A new microscopic method for simultaneously determining in situ the identities, activities, and specific substrate uptake profiles of individual bacterial cells within complex microbial communities was developed by combining fluorescent in situ hybridization (FISH) performed with rRNA-targeted oligonucleotide probes and microautoradiography. This method was evaluated by using defined artificial mixtures of Escherichia coli and Herpetosiphon aurantiacus under aerobic incubation conditions with added [3H]glucose. Subsequently, we were able to demonstrate the potential of this method by visualizing the uptake of organic and inorganic radiolabeled substrates ([14C]acetate, [14C]butyrate, [14C]bicarbonate, and 33Pi) in probe-defined populations from complex activated sludge microbial communities by using aerobic incubation conditions and anaerobic incubation conditions (with and without nitrate). For both defined cell mixtures and activated sludge, the method proved to be useful for simultaneous identification and analysis of the uptake of labeled substrates under the different experimental conditions used. Optimal results were obtained when fluorescently labeled oligonucleotides were applied prior to the microautoradiographic developing procedure. For single-cell resolution of FISH and microautoradiographic signals within activated sludge flocs, cryosectioned sample material was examined with a confocal laser scanning microscope. The combination of in situ rRNA hybridization techniques, cryosectioning, microautoradiography, and confocal laser scanning microscopy provides a unique opportunity for obtaining cultivation-independent insights into the structure and function of bacterial communities.  (+info)

Sepiapterin reductase producing L-threo-dihydrobiopterin from Chlorobium tepidum. (2/146)

A novel type of NADPH-dependent sepiapterin reductase, which catalysed uniquely the reduction of sepiapterin to l-threo-dihydrobiopterin, was purified 533-fold from the cytosolic fraction of Chlorobium tepidum, with an overall yield of 3%. The native enzyme had a molecular mass of 55 kDa and SDS/PAGE revealed that the enzyme consists of two subunits with a molecular mass of 26 kDa. The enzyme was optimally active at pH8.8 and 50 degrees C. Apparent Km values for sepiapterin and NADPH were 21 and 6.2 microM, respectively, and the kcat value was 5.0 s-1. Diacetyl could also serve as a substrate, with a Km of 4.0 mM. The inhibitory effects of N-acetylserotonin, N-acetyldopamine and melatonin were very weak. The Ki value of N-acetyldopamine was measured as 400 microM. The N-terminal amino acid sequence was revealed as Met-Lys-His-Ile-Leu-Leu-Ile-Thr-Gly-Ala-Xaa-Lys - Lys - Ile - Xaa - Arg - Ala - Ile - Ala - Leu - Glu - Xaa - Ala - Arg - Xaa-Xaa-Xaa-His-His-His-, which shared relatively high sequence similarity with other sepiapterin reductases.  (+info)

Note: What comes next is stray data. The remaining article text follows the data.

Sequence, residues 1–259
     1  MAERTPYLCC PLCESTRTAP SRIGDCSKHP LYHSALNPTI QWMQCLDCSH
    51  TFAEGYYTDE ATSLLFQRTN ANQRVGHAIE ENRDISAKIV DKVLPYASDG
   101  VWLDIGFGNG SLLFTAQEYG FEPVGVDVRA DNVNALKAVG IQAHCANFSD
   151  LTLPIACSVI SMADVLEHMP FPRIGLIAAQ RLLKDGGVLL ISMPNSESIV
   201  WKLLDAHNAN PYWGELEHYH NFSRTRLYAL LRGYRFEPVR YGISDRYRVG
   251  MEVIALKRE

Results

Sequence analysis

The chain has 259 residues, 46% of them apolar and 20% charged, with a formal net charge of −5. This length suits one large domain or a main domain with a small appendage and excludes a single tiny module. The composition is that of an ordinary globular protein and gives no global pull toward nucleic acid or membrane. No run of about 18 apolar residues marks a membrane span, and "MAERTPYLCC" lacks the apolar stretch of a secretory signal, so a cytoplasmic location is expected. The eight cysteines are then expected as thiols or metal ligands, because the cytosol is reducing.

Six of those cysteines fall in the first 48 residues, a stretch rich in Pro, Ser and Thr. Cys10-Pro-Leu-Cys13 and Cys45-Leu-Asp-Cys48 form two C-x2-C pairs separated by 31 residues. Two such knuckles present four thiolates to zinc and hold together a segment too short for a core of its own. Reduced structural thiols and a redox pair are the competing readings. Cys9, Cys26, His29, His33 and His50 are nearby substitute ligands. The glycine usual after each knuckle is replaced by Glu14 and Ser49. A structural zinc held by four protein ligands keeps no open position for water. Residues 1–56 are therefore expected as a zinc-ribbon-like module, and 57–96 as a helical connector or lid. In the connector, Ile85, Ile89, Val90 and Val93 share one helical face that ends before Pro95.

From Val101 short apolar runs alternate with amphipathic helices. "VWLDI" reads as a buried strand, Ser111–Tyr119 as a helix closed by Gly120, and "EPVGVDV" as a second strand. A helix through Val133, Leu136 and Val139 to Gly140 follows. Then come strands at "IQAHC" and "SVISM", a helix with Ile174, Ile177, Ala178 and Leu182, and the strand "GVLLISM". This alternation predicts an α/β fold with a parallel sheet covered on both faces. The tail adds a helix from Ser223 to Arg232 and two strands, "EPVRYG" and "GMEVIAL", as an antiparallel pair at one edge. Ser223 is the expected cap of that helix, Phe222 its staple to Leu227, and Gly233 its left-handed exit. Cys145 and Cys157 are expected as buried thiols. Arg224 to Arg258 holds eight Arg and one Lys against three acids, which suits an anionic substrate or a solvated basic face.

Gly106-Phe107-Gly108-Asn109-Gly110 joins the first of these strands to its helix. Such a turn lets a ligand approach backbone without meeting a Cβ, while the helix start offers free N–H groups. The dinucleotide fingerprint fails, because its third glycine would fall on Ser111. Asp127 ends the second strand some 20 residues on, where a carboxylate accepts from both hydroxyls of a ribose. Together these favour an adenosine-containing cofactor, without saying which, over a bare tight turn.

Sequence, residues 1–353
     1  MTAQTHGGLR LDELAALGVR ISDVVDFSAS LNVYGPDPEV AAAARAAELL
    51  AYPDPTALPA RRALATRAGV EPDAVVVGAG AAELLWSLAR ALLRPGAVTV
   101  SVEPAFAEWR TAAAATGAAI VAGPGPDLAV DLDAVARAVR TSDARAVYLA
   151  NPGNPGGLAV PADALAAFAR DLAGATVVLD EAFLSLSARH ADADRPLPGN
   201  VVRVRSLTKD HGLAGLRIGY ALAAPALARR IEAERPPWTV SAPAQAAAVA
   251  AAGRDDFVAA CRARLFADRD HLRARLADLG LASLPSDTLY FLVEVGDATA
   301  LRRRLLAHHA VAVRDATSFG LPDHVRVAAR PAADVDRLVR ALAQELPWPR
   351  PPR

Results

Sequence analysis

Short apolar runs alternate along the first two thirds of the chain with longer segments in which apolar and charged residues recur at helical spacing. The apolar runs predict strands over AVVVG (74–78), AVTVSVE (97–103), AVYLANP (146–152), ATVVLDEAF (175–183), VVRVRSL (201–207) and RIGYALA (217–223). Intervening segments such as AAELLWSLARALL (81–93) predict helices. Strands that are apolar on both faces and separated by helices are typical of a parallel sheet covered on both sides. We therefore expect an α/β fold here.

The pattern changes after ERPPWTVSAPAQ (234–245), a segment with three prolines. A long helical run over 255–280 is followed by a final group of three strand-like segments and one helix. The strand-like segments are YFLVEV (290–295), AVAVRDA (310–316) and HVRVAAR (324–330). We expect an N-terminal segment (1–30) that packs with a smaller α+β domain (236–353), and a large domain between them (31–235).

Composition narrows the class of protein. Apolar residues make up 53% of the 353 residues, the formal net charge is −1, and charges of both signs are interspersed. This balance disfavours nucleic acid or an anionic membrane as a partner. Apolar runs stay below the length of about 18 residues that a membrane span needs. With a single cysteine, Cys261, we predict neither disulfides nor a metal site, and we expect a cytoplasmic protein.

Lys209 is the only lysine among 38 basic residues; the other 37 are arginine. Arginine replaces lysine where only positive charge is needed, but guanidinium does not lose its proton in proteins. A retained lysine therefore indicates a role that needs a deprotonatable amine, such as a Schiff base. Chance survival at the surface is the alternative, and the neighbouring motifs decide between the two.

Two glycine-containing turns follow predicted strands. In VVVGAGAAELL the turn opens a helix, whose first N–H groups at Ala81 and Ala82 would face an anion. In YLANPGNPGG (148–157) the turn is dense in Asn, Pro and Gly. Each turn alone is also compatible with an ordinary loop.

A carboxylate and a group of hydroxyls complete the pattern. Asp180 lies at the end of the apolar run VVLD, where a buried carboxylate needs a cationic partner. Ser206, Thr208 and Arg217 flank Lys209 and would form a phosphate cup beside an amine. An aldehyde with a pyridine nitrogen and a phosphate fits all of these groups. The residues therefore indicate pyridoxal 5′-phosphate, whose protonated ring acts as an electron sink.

Auracyanin A from the thermophilic green gliding photosynthetic bacterium Chloroflexus aurantiacus represents an unusual class of small blue copper proteins. (3/146)

The amino acid sequence of the small copper protein auracyanin A isolated from the thermophilic photosynthetic green bacterium Chloroflexus aurantiacus has been determined to be a polypeptide of 139 residues. His58, Cys123, His128, and Met132 are spaced in a way to be expected if they are the evolutionary conserved metal ligands as in the known small copper proteins plastocyanin and azurin. Secondary structure prediction also indicates that auracyanin has a general beta-barrel structure similar to that of azurin from Pseudomonas aeruginosa and plastocyanin from poplar leaves. However, auracyanin appears to have sequence characteristics of both small copper protein sequence classes. The overall similarity with a consensus sequence of azurin is roughly the same as that with a consensus sequence of plastocyanin, namely 30.5%. We suggest that auracyanin A, together with the B forms, is the first example of a new class of small copper proteins that may be descendants of an ancestral sequence to both the azurin proteins occurring in prokaryotic nonphotosynthetic bacteria and the plastocyanin proteins occurring in both prokaryotic cyanobacteria and eukaryotic algae and plants. The N-terminal sequence region 1-18 of auracyanin is remarkably rich in glycine and hydroxy amino acids, and required mass spectrometric analysis to be determined. The nature of the blocking group X is not yet known, although its mass has been determined to be 220 Da. The auracyanins are the first small blue copper proteins found and studied in anoxygenic photosynthetic bacteria and are likely to mediate electron transfer between the cytochrome bc1 complex and the photosynthetic reaction center.  (+info)